High Worm Egg Counts
Sara Sutherland, BVSc, MSc, BSc (Agr)
The very unexpected rain in February was welcomed by all our farmers, even if it wasn’t welcomed by the organisers of Wings over Wairarapa. It should increase feed levels and keep crops going. The unusual moisture is also welcomed by some less desirable acquaintances, including parasites, flystrike, and fungal toxins.
Worm egg counts that we have done in clinic recently have been high. Warm, wet conditions favour the survival of worm larvae. This means that parasite levels can increase very quickly at this time of year. The infamous “Barber’s Pole worm” (Haemonchus contortus) is one species that can be particularly problematic under these conditions. In the Wairarapa, unlike other parts of New Zealand, we see Barber’s Pole in some years and not others. Unlike other worms that affect sheep, Barber’s Pole worm sucks blood directly, causing anaemia, weakness, lethargy and death. Female Barber’s Pole worms lay a lot of eggs, and it doesn’t take very long for those eggs to develop into adult worms.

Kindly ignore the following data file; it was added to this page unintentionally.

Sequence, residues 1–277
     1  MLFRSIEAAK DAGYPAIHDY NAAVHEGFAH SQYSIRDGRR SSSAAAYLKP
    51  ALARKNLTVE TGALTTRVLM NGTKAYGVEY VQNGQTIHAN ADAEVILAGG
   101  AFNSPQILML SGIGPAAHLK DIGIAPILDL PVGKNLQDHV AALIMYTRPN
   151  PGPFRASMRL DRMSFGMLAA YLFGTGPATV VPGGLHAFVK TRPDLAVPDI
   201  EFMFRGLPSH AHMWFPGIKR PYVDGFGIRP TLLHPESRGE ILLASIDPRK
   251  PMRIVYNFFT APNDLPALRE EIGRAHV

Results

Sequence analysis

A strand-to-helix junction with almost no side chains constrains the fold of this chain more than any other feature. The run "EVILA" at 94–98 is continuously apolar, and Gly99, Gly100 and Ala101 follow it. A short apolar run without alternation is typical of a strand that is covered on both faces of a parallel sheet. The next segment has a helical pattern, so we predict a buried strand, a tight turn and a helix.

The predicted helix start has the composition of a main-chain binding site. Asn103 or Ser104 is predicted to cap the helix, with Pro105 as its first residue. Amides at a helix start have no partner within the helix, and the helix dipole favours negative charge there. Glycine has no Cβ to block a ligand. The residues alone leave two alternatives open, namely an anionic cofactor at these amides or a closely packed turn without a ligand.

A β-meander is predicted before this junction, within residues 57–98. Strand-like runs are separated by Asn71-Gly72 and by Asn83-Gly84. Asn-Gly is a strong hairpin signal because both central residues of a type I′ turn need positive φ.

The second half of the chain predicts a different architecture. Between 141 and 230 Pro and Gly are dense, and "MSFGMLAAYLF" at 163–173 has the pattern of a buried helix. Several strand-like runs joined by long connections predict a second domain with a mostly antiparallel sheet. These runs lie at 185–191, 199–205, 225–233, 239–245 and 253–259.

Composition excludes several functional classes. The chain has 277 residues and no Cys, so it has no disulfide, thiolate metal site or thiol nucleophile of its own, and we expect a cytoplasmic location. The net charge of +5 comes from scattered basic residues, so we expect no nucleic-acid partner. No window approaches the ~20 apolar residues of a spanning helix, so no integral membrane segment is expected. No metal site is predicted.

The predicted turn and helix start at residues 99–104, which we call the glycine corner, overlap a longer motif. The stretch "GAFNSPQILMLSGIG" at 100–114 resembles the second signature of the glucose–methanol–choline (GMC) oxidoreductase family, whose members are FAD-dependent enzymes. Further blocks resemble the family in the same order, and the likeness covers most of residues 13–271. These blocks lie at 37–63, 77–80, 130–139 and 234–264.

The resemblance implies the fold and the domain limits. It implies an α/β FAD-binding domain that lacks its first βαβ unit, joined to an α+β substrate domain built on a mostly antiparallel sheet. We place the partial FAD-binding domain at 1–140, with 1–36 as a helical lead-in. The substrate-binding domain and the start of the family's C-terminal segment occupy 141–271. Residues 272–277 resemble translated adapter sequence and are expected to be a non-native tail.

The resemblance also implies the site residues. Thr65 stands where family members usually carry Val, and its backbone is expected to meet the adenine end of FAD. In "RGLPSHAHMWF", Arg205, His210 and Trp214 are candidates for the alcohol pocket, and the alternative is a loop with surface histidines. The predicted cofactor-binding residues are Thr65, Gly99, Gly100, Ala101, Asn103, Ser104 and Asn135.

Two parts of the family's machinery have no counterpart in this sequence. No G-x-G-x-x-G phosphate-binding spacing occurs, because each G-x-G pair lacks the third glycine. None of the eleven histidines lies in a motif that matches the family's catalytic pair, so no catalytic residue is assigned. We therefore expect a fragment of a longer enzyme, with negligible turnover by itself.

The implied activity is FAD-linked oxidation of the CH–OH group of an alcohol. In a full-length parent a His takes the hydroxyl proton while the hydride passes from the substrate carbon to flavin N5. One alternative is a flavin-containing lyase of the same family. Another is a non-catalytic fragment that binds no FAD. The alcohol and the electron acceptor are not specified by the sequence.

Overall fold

Worm egg counts from faecal samples will tell you whether worms are present. We do these to see whether a group of animals needs drenching, or after drenching to make sure that your drench was effective. Unfortunately, worm egg counts will not tell you which worm species are present. This requires a larval culture which takes 7-10 days.
Worm resistance to drenches is common in New Zealand sheep and cattle. This makes it harder to control worms. The only way to tell which drenches are effective on your farm is to do a Faecal Egg Count Reduction Test (FECRT). These should be done every three to five years. Proper preparation is essential to get the most out of this test. Once you know which drenches are effective, your vet can help you make a plan of how best to control parasites, protect production and reduce costs.
Published Tuesday 28th of March 2017